Late last month a Dutch court ruling sent shockwaves throughout the oil and gas industry after Royal Dutch Shell PLC was found to be “partially responsible for climate change”. Shell has been ordered to significantly reduce their current ‘absolute carbon emissions’ output. From their 2019 levels, Shell must reduce their emissions by 45% by 2030.
Dutch Ruling On Shell
The ruling has been a long time in the making. In 2019, Milieudefensie, the Dutch arm of Friends of the Earth, an environmental non-profit, filed the initial lawsuit, which was then joined by tens of thousands of other Dutch citizens, including six other environmental groups. Their claim was that the core business operations of Shell are considered human rights violations in both the Netherlands and European Union. Additionally, the suit argued that Shell continued their business practices for numerous decades knowing the dangerous extent of the carbon emissions. In their defense, Shell claimed that if they were ordered to lower their fossil fuel output, and thus their overall carbon emissions, their competitors would steal market share as Shell’s access to markets would be impacted by the court’s emissions ruling. After the ruling, Shell’s Chief Executive Ben van Beurden echoed this sentiment, sharing “Imagine Shell decided to stop selling petrol and diesel today. This would certainly cut Shell’s carbon emissions. But it would not help the world one bit. Demand for fuel would not change. People would fill up their cars and delivery trucks at other service stations” (The Guardian).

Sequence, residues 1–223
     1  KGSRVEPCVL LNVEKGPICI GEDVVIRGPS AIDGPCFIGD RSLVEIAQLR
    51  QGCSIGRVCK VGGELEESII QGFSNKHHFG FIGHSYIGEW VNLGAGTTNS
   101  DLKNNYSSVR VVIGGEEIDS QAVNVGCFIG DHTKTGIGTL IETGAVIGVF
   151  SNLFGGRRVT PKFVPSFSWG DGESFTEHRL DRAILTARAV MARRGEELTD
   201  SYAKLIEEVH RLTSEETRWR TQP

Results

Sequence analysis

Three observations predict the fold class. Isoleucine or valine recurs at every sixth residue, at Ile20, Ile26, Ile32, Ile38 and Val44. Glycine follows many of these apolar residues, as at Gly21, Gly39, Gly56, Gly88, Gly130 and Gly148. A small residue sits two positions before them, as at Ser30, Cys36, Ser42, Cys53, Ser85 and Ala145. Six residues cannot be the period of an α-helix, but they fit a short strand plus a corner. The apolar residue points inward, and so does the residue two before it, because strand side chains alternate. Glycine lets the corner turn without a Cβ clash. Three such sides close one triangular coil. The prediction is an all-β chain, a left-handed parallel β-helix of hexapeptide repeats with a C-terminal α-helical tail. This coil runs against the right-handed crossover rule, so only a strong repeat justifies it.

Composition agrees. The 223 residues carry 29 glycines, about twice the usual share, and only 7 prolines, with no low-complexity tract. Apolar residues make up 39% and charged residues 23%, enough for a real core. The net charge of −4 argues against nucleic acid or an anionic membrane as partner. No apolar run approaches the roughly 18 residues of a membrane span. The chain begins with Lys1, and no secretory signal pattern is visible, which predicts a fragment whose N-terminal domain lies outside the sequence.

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Shares of Shell actually increased 0.4% in the hours after news broke, and in the weeks after the Dutch ruling no significant changes in share price have occurred. Perhaps investors see the ruling as a minor setback, or the beginning of a long-anticipated industry revolution towards industry addressing the pollution it creates. Regardless, the ruling's impact is not clear. Despite 28% of Shell’s 2020 revenue coming from Europe, Shell may need to change their business practices effective immediately (Statista). “The decision is provisionally enforceable. This means Shell needs to start complying immediately, even if it decides to appeal to the Court of Appeals. And it is likely the case will finally end up, after several years, in the Supreme Court” (pH Report).
What kind of effect will this have on the markets Shell and other industry incumbents depend on for the majority of their revenue? As for the United States, industry analysts do not expect the ruling to have much immediate impact. U.S. law has historically been less favorable to environmental groups, due largely in part to the fact that “federal courts have not recognized a constitutional right to a clean environment” as European courts have. The news must, however, be galvanizing environmental groups and citizens throughout the United States to call for more action, curious as to why their government is not making similar strides. As a global leader, many people within the United States would like to see environmental issues as such taken more seriously. As stated, European nations have recognized a clean environment as a constitutional right, and are more likely to adopt legislation/court orders that enforce carbon emissions in a strict fashion similar to the Netherlands.